As the early weeks of all-company remote work settled in, Stong began receiving inquiries from vendors offering to assist Bluebeam with workspace reconfigurations and occupancy management solutions considering the likely post-COVID requirements to come. “With access to Revu, utilising outside resources to manage the return-to-office workspace planning didn’t seem to make sense,” Stong said she remembered thinking at the time.

Given the uncertainty of the pandemic and how our workspace would need to adapt to continuous changes in health protocols and government agency requirements, Stong said she needed to be more self-sufficient with creating relevant workspace plans and be swiftly responsive to changes.

“Being solely reliant on third-party vendors to map out the future of our workspace would take time and money,” she said.

The larger situation surrounding COVID-19 was seemingly changing each day, which meant occupancy management and workspace reconfigurations required for a safe return would need a quick-and-nimble approach. An approved plan one week might become obsolete the next.

Even for facilities managers that choose to work with an outside resource, it would be smart for them to collaborate in the reconfiguration effort as much as possible. This way, if and when last-minute changes do come to light, the facilities manager can work with the plan documents themselves to institute the change – all without having to wait for the contractor or architect to respond under potentially tight approval deadlines with regulators.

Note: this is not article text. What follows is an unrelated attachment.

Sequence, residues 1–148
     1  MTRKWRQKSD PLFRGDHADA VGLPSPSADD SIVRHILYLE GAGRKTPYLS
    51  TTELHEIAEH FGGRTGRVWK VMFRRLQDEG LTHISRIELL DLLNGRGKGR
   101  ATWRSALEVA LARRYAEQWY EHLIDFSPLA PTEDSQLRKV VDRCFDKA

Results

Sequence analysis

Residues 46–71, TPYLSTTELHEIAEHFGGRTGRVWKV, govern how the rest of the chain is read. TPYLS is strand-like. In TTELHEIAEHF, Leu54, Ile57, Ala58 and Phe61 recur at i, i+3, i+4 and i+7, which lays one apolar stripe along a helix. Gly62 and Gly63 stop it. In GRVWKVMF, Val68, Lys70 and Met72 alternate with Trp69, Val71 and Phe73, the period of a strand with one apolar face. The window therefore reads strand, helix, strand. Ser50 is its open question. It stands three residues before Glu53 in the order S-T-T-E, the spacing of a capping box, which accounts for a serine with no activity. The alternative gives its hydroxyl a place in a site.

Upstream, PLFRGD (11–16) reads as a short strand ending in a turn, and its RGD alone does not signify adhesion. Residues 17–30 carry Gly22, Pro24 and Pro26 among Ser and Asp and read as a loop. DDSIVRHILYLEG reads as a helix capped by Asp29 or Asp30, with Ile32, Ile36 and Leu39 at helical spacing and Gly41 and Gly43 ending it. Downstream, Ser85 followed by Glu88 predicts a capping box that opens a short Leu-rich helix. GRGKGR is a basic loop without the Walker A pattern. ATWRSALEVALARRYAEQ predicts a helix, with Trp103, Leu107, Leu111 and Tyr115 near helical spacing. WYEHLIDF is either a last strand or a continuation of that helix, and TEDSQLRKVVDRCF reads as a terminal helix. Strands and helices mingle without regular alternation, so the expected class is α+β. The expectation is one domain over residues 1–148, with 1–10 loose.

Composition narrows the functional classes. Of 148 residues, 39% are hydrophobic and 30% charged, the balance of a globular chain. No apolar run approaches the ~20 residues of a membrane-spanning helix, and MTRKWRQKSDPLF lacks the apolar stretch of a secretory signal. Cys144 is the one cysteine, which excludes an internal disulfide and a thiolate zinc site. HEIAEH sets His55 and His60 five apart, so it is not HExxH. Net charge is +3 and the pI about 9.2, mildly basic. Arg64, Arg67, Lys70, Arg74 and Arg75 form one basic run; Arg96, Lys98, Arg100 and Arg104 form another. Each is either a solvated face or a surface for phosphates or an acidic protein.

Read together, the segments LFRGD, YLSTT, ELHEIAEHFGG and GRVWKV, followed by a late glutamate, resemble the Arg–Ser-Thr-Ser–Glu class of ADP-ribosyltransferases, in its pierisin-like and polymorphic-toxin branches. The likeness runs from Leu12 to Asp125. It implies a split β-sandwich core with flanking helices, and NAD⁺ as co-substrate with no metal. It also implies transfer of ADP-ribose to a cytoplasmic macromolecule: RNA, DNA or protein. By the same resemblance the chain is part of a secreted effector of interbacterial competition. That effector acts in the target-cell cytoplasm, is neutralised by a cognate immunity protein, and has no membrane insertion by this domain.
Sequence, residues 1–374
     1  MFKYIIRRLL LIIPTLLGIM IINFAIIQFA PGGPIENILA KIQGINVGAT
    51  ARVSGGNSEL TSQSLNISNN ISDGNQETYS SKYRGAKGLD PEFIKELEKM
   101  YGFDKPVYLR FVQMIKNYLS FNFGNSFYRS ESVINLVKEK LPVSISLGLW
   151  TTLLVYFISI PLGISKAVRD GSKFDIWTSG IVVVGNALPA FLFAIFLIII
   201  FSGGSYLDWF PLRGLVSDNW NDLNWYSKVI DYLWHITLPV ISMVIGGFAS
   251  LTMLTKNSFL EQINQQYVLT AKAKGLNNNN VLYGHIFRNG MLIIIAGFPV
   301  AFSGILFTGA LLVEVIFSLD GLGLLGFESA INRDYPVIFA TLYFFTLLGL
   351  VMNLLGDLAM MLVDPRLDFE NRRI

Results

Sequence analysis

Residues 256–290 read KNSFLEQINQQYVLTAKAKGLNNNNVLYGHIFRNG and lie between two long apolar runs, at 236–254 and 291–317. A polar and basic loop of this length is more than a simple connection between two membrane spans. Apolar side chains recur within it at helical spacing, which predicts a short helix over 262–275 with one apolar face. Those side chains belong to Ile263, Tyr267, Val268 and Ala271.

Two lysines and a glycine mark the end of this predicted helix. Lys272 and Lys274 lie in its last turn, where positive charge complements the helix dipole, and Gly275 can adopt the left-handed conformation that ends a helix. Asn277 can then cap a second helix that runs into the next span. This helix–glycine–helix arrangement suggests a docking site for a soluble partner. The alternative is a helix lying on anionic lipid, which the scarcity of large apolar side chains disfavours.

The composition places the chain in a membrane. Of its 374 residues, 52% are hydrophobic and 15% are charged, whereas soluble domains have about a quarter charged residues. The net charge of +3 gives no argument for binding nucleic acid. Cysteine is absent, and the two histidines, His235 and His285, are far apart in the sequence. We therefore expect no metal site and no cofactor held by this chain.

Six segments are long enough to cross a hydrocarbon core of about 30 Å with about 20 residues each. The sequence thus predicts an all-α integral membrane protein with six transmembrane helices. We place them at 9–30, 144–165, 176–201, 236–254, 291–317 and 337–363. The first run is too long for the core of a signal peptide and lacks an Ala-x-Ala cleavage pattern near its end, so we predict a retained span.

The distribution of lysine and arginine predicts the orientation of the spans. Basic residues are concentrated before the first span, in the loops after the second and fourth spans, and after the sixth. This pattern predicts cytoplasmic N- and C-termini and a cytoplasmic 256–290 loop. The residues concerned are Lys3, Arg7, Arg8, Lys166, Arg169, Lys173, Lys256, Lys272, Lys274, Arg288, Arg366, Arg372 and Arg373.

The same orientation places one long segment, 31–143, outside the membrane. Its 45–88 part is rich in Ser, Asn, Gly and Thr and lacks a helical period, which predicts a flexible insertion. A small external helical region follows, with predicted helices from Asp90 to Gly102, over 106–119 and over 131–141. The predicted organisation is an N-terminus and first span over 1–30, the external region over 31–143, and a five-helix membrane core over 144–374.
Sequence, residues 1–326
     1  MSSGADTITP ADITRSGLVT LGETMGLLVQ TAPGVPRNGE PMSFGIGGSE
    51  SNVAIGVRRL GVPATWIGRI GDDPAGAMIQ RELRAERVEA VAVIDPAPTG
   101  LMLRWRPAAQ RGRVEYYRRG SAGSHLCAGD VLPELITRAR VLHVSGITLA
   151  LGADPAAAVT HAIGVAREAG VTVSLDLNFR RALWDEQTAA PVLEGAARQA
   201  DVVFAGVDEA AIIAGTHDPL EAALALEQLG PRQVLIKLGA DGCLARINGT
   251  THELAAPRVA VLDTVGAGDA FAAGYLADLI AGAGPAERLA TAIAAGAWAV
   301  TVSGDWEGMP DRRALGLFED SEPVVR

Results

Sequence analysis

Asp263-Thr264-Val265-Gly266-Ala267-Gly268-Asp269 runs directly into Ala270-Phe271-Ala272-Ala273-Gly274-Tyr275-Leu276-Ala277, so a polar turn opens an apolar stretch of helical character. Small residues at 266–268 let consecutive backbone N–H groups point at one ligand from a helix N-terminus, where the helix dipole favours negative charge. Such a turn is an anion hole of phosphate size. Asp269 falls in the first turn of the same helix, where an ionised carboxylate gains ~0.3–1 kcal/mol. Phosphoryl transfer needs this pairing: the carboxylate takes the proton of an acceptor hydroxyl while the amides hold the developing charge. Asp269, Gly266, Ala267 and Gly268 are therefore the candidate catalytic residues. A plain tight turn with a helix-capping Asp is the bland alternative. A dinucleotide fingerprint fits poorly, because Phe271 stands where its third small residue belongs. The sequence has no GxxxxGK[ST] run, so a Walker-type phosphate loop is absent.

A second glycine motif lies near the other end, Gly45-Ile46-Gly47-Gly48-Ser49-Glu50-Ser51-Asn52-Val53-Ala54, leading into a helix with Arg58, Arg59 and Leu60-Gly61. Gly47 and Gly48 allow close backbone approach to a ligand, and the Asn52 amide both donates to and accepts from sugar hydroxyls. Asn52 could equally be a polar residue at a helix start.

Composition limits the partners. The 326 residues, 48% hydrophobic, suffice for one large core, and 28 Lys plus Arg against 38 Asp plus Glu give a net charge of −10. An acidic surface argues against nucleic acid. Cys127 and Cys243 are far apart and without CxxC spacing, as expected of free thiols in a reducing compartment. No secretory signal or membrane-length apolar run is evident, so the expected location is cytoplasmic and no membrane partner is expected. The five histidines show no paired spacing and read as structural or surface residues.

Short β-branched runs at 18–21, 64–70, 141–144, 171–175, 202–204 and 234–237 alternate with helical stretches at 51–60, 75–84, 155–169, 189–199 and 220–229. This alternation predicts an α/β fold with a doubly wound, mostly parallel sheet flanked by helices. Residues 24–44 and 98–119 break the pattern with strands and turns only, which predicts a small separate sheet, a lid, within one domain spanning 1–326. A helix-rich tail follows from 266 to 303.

“I think the challenge is facility teams now need to know their buildings better than ever,” said Ryan McGuinness, Bluebeam’s North American enterprise sales director, who interacts often with facilities managers at construction and architecture firms. ‘They’re trying to do whatever they can with the tools they have, but then they also need to communicate that information to the masses.’

What’s more, facilities managers’ ownership of the return-to-office plan and redesign allows them to take advantage of learning how to use some of the tools their architectural counterparts use to plan and plot out changes. Of course, becoming an expert in the tools architects use for design – like Revit or AutoCAD – is likely unrealistic. Luckily, there is another industry-standard tool that is easy to adopt, putting the power in facilities managers’ hands.

Enter Bluebeam Revu

Bluebeam Revu’s PDF markup and editing capabilities make it a manageable but powerful tool for facilities managers to learn when it comes to creating, managing and communicating return-to-office workspace plans.

Aside from detailed and industry-specific reconfigurations and markups that will need to take place in workspace plan documents, it’s likely that many non-technical company stakeholders will eventually need to view and sign off on any final plans. This makes Studio in Revu, Bluebeam’s cloud-based document management and real-time collaboration portal, a valuable tool for accessible document communication and approvals.

“I see a lot of our customers being able to use Revu’s advanced markups to give a visual story of what’s going on with their current layout and with what needs to be changed,” McGuinness said. “And then also  being able to communicate that through Studio to anyone involved. Studio is going to give you an audit trail of all those markups.”